Effective Ways to Control Eczema
Eczema is an uncomfortable problem in more ways than one, causing both severe itching and embarrassment in some people. Although eczema isn’t curable, it is treatable and manageable. Treatment will make you more comfortable and reduce the number of flares you experience. Eczema is difficult to control, however, so you may need to use multiple treatment methods. Over time, you’ll learn how to treat eczema and which solutions work best for you.
A long soak in warm water will both soothe and moisturize the skin. The water should be warm but not hot, as hot water dries the skin further. Upon exiting the bath tub, remember to use a moisturizing cream or lotion on your body within three minutes. This helps lock in the moisture your skin just absorbed. Many with eczema find adding vinegar, oatmeal or baking soda to their bath extremely soothing. Like baths, showers should be taken in warm water rather than hot. Always use gentle soaps and cleansers that won’t further dry your skin.
Creams and Lotions
Applied directly to the skin. eczema lotions are available over-the-counter and by prescription. Some creams contain corticosteroids to stop the itch. Others contain calcineurin inhibitors. These chemicals interact with your immune system, calming it to prevent your body from attacking its own skin. These products are effective but may require you to limit your exposure to sunlight during use. Antibiotic creams are sometimes prescribed for eczema as well. Antibiotics don’t clear eczema, but they do prevent cracked skin from becoming infected.
There are several eczema medications on the market today. Some are taken orally while others are injected. These medications suppress the immune system and prevent inflammation. Most eczema medications work well, but your doctor is likely to recommend using them for only short periods of time during extreme eczema flares. When used for prolonged periods, these drugs cause serious side effects that are best avoided. Eczema medications are also quite expensive.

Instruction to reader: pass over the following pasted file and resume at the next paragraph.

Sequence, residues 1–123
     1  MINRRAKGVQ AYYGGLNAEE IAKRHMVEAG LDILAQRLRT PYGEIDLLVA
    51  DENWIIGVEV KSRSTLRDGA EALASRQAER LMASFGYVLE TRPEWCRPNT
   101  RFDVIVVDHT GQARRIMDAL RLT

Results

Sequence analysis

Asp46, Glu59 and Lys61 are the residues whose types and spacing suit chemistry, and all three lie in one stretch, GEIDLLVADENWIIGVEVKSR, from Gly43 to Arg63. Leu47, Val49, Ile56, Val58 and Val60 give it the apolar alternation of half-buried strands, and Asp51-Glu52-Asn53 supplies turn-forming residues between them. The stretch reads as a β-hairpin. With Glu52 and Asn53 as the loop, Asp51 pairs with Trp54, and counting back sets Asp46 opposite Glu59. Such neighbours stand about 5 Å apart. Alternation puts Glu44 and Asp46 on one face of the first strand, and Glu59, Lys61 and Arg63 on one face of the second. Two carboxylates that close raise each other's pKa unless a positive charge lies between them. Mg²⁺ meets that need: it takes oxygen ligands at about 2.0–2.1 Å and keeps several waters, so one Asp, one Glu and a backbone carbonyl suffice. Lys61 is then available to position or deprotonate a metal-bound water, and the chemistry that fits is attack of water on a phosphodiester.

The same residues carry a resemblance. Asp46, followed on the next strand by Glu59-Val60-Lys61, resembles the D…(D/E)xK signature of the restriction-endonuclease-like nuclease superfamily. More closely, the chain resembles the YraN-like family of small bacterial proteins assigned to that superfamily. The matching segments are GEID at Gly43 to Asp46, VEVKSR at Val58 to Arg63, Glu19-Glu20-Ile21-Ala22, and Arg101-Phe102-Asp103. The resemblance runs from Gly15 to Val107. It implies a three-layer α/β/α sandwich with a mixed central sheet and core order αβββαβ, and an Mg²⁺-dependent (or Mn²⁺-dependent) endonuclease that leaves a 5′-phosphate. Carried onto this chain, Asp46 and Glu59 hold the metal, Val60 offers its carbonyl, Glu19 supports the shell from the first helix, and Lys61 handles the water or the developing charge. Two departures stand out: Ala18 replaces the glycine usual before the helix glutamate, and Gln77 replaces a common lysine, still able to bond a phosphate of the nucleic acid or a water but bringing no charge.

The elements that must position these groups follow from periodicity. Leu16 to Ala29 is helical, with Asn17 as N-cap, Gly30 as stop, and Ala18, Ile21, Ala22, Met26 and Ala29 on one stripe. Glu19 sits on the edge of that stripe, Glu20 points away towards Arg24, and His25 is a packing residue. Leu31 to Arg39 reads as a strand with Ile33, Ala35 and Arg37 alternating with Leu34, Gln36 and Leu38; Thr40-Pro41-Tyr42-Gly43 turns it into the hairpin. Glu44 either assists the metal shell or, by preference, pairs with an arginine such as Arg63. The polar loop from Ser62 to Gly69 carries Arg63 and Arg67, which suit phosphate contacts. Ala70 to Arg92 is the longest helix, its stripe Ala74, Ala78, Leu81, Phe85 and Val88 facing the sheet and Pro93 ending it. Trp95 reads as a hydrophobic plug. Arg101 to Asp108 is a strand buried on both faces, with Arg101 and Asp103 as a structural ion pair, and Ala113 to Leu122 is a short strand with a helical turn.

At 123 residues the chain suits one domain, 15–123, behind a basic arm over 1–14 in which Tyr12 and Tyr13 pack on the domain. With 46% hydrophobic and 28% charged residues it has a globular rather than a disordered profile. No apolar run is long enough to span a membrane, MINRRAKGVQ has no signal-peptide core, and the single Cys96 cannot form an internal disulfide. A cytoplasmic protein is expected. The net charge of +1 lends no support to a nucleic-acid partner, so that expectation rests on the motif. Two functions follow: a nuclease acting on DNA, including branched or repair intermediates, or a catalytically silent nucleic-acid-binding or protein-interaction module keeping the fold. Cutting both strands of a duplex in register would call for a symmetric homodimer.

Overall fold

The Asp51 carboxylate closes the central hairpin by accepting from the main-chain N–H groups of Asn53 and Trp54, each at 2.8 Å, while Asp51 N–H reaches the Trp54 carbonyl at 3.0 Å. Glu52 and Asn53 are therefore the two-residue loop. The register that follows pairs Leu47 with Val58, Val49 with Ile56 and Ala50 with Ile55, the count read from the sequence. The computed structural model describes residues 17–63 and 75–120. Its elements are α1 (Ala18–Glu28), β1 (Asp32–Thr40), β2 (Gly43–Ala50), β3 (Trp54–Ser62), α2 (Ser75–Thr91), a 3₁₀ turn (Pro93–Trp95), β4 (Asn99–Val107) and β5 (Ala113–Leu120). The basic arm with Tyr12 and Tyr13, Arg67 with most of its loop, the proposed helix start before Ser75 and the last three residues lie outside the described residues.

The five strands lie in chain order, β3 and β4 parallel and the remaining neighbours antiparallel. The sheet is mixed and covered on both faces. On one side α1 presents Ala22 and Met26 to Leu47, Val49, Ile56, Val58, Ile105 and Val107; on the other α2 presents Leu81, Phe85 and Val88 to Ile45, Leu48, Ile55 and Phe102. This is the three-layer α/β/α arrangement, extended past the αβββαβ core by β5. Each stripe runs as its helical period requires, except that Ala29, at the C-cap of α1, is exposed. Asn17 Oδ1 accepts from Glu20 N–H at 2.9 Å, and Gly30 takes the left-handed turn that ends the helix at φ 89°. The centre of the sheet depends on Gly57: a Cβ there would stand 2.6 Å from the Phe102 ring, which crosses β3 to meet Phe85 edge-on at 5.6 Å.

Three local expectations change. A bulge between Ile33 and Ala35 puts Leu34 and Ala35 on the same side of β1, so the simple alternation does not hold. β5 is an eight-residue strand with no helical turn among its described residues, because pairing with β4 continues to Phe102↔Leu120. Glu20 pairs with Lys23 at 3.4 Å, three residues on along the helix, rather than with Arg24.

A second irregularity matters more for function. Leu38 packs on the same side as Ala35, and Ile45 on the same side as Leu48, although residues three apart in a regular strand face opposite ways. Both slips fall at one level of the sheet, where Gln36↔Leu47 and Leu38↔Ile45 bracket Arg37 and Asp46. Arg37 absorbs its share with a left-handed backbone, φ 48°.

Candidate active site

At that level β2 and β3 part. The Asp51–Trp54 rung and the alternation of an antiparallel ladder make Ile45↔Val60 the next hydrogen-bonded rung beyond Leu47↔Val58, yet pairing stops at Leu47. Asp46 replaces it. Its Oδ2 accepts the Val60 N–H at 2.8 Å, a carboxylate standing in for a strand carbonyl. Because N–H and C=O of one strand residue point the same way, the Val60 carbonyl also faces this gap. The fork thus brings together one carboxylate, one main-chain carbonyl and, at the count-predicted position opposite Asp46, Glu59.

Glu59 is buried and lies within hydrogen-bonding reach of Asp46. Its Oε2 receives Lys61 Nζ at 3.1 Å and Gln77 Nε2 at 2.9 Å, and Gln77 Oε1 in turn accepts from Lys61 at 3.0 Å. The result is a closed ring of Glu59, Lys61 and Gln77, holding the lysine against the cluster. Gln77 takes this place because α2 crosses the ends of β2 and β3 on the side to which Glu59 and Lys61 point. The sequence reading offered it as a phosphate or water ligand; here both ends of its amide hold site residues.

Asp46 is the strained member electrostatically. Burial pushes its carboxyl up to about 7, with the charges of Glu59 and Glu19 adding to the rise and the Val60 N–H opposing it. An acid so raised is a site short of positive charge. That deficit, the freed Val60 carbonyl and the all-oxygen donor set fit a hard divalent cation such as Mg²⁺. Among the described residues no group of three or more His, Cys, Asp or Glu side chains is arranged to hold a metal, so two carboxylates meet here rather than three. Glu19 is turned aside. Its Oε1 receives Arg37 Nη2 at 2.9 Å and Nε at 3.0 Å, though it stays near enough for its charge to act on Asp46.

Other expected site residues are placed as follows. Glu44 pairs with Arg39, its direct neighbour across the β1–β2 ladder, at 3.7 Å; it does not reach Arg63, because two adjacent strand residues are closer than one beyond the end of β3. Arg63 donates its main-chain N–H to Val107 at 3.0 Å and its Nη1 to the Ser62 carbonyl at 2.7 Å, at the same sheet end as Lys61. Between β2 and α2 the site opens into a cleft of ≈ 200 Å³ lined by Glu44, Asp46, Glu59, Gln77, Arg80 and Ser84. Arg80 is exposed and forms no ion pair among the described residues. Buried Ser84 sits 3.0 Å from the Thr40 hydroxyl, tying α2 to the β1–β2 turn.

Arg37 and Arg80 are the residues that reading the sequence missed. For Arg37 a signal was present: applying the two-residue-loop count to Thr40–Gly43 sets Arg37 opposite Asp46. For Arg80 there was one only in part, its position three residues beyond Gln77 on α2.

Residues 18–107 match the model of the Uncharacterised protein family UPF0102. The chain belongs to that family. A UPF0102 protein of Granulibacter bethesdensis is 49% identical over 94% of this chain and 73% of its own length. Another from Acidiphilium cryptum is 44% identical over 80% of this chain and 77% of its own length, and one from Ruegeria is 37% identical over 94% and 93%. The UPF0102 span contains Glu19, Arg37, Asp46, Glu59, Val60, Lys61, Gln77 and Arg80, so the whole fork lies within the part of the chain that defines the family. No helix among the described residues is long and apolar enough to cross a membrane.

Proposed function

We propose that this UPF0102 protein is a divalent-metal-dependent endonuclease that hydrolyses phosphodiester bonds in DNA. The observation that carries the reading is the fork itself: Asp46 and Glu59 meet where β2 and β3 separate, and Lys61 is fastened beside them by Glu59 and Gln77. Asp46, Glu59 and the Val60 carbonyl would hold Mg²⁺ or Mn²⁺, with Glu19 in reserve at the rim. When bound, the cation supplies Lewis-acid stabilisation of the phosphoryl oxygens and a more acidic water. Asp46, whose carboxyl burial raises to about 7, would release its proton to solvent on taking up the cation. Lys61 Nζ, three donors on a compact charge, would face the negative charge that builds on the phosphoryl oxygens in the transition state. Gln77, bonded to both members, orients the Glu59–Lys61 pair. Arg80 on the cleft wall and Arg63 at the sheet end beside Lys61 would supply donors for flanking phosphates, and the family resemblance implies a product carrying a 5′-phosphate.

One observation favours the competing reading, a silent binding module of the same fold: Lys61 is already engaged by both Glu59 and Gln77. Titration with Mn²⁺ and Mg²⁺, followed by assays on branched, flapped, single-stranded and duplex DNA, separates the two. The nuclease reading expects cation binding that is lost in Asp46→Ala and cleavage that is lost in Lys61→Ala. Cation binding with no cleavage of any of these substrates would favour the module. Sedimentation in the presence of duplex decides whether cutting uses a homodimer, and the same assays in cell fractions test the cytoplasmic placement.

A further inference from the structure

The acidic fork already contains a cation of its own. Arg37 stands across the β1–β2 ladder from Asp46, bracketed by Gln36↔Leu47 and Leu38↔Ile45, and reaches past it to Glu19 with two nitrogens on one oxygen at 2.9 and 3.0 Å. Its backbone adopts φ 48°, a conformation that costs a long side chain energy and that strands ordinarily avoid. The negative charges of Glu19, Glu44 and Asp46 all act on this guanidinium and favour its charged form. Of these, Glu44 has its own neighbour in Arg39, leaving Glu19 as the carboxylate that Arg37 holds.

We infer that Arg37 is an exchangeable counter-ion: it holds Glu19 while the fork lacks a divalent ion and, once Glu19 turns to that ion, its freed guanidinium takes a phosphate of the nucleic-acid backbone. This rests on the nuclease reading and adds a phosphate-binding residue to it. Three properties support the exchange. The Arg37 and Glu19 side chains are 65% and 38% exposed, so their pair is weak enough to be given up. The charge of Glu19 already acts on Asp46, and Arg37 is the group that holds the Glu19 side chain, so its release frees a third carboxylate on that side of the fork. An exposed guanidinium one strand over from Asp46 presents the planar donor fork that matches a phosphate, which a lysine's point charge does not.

Although it’s important to protect your skin from sun damage and sunburns, natural sunlight is beneficial to those with eczema. In order to protect the skin, doctors sometimes recommend phototherapy for eczema. During this treatment, doctors expose the skin to a controlled amount of artificial ultraviolet A and B light. This, in turn, increases the skin’s vitamin D production to keep it healthier. Prolonged light therapy causes the same damage to the skin as too much sunlight, however, so this treatment is not recommended for infants and children.
Those with severe eczema may turn to wet dressings for relief. In this treatment, corticosteroids are applied to the skin and then covered with wet bandages. Though soothing, this treatment option is time-consuming and requires proper technique. As a result, it is typically performed only in hospitals or outpatient clinics by skilled nurses. If this treatment works well for you, ask your doctor to show you the proper technique so you can find eczema relief at home.
A multifaceted approach is usually best when treating eczema flares. Your doctor is the best source of information on treatment options. He can take into account your medical history and conditions to create a personalized eczema management plan for you. With a little help and some experimentation, you’ll learn how to treat eczema in the way that works best for you.